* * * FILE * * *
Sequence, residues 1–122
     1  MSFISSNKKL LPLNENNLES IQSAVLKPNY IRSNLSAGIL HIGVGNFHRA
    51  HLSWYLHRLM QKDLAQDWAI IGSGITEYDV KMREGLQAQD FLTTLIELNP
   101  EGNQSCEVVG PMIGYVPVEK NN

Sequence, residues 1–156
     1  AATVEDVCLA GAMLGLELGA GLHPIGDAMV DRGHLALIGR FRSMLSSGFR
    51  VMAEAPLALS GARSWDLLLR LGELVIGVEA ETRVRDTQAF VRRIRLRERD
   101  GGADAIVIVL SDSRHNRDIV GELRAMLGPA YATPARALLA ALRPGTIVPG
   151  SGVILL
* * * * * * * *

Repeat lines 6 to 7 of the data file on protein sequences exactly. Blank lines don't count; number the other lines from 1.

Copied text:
     1  AATVEDVCLA GAMLGLELGA GLHPIGDAMV DRGHLALIGR FRSMLSSGFR
    51  VMAEAPLALS GARSWDLLLR LGELVIGVEA ETRVRDTQAF VRRIRLRERD